Considering high heterogeneity, subgroup analysis of different study year ranges showed overall decreasing trend of the rate with time. The decline appears to be attributed to government efforts of controlling lead pollution, including the phasing out of leaded gasoline, converting household fuel from coal to natural gas or other clean energy alternatives, and shutting down heavily polluted enterprises. But this study revealed that during 1993–2000 of survey time when leaded gasoline was not prohibited in China mainland and China had been undergoing rapid and drastic industrial development, tendency of lead poisoning rate was slightly increasing with time [43]. After early 21 century when leaded gasoline was gradually phased out in China mainland, the results showed steadily decreasing trend of the rate with time [73]. This result was consistent with studies conducted in USA which revealed the close correlation between the decreasing use of gasoline with lead and sharply declining BLL simultaneously [74, 75]. In the age of leaded gasoline, the lead dust mainly attributed to the exhaust of leaded gasoline and diesel fuel, while the lead-free gasoline brought down the atmosphere lead concentration [7678].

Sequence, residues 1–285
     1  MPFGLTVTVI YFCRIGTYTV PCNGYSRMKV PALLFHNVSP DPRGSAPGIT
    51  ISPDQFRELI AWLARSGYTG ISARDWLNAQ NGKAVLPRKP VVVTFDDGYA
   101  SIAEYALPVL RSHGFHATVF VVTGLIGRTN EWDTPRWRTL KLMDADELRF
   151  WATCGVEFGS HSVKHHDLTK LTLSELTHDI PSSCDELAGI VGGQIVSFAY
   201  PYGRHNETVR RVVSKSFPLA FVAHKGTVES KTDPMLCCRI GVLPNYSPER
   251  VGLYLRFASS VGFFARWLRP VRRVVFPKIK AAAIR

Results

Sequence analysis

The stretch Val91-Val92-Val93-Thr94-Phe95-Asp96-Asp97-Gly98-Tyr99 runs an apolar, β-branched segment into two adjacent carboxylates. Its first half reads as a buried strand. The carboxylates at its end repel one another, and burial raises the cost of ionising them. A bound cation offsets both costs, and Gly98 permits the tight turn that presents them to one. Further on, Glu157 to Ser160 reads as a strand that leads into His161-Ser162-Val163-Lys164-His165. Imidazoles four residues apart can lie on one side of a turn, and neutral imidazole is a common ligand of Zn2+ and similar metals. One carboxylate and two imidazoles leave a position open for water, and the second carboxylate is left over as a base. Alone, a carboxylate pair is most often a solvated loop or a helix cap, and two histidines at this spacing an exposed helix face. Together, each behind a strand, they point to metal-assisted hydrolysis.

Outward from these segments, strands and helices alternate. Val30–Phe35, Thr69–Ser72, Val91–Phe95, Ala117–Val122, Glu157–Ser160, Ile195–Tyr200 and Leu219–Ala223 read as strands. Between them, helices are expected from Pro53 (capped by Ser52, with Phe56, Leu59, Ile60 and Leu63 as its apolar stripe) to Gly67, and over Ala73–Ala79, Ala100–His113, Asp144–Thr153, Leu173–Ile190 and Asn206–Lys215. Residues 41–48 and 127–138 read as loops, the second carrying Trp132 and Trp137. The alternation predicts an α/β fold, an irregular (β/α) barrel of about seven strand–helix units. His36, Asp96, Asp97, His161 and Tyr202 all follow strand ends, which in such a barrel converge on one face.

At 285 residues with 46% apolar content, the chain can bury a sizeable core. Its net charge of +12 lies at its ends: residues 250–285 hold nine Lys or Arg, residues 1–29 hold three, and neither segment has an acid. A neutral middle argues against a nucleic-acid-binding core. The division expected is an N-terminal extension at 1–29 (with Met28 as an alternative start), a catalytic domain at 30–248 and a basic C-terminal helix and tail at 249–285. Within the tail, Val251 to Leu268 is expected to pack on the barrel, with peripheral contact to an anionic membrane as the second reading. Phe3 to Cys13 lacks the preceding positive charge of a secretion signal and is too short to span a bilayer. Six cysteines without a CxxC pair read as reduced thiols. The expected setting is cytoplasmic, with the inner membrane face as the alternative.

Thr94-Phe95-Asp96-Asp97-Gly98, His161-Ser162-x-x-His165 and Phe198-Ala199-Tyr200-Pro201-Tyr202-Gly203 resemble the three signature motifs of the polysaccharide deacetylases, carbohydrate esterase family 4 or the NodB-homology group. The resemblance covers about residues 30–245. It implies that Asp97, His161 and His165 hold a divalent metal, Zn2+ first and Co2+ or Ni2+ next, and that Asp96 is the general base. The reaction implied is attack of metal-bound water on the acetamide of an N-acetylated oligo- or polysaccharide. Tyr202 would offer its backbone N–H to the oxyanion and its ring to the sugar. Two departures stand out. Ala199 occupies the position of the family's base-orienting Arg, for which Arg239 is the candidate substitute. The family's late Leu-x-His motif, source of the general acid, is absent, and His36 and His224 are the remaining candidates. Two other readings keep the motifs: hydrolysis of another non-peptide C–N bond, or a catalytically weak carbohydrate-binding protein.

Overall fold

Although the Chinese government and researchers continued to pay efforts to lead poisoning control and take preventative measurements for several decades, the study found that the declining tendency of lead poisoning rate was slow in the short term during 2000–2003. Several factors contributed to that as below. Though atmospheric lead emission from vehicle exhaust was decreasing rapidly in short period of time after unleaded gasoline application in China, it was hard to eliminate the lead accumulated in the soil in short time, which caused environmental pollution and potential lead exposure to high risk population, such as children and women [79, 80]. After 2003 of survey time, the rate was decreasing rapidly from about 40 to 2.61 % in 2011. Although the rate of BLL ≥10 μg/dL gradually declined with time, in this study pooled rate was 8 % from data published during 2006–2012, still much higher than that (0.8 %) observed in the surveys conducted in USA from 2007 to 2010 [10]. One of the key factors contributed to this observation in China might be the increasing lead discharge from the industrial emission [81]. The data showed that coal consumption, as the most important contributing factor of the lead discharge, continued to rise in recent decades in China [81].